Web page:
Reading Guitar Frequencies

Hi everyone, I'm building an electric guitar in one of my engineering classes over the summer. The goal of the class is to modify an existing object or create your own project. My idea is to make an electric guitar that teaches by sight and sound. I want to use the Arduino so that each time a different note/frequency is played a different color LED light lights up. I've done a lot of research but I can't find any websites/posts in the forum explaining how to set up the Arduino to do this, any suggestions?

Your project's primary task is to estimate the frequency of a signal. That's also the first task that a guitar tuner performs. You might have luck looking for a guitar tuner on the forum, or an Arduino guitar tuner on the web.

To take out frequencies out of the signal use Fast Fourier Transform FFT library - google it and understand what it does.

The library i recomend for arduino is FHT library link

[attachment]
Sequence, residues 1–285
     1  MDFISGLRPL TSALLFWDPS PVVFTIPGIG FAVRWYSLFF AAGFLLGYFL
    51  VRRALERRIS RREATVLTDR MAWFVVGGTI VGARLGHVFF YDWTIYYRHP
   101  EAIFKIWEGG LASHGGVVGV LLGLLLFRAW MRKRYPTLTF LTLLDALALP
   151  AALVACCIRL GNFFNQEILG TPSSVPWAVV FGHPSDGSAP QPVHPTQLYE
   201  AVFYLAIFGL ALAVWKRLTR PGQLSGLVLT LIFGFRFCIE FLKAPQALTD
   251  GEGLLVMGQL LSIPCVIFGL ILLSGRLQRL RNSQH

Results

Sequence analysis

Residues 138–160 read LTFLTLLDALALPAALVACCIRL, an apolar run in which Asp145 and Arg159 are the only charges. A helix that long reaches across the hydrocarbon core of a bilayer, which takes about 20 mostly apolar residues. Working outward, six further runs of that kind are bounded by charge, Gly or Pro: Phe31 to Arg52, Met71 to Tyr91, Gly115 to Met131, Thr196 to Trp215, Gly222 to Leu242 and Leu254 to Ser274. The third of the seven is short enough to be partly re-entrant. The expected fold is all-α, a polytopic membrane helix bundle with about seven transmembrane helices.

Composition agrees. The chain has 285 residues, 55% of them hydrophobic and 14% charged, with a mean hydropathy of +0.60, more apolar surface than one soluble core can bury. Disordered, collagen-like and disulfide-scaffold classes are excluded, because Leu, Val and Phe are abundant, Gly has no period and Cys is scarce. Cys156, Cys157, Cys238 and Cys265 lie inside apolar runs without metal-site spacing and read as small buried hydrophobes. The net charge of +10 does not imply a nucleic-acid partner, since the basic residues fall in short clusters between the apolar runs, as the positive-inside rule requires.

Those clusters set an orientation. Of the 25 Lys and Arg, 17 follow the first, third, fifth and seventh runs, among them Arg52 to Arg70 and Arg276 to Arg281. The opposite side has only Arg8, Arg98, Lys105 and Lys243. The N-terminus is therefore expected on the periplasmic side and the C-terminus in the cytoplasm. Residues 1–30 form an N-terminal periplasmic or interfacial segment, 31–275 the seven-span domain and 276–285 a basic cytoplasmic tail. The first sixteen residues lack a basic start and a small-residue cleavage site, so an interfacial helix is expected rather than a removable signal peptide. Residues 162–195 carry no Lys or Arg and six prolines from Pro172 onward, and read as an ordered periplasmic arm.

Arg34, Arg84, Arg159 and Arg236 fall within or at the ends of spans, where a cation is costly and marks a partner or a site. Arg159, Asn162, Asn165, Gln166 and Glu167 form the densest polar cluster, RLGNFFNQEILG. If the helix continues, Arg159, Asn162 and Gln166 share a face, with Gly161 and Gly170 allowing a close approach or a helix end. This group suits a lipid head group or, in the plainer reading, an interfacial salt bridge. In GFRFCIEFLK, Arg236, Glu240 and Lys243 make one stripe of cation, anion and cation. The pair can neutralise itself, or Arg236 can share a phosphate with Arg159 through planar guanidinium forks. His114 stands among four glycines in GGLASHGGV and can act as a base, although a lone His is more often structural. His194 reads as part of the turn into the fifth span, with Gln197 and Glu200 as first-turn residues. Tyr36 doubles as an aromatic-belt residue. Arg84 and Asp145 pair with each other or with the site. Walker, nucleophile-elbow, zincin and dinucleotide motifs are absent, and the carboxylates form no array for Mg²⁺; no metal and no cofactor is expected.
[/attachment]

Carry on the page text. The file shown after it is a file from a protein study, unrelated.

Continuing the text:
In the pasted link you will find code example on how to use it.

Learn what sampling rate and nyquist frequency is.

What you want to do is to detect 12 musical tones out of few guitar octaves. Check table with tone frequencies You can also find a formula to calculate notes in each octave: frequency calculation formula

Fht will give you FHT_SIZE/2 bins of output data which can be calculated into frequencies from the formula: bin_freq = sampling_rate * bin_nb / FHT_SIZE Read library description as there are few output types like linear, logarithmic, etc...

The bigger sampling rate is, the more bandwidth is sampled (bandwidth from 0 to SR/2 Hz), but each bin width is greater too so you loose on frequency resolution. In my project i use sampling rate = 1760 as the max frequency is 880 Hz which gives me decent resolution to detect sounds from the beggining of the fretboard.

Now i met a lot of code examples in which sampling is done in main loop. If program does only this its ok, it works, but don't be a noob and use timer interrupt to do proper sampling. Otherwise if your program does something else than sampling and processing, for example you add some interrupt handlers for some external communication signals - your sampling rate may change - or you may sample not in right moments, so the FHT output will be distorted.

Hope it helps, keep on diggin !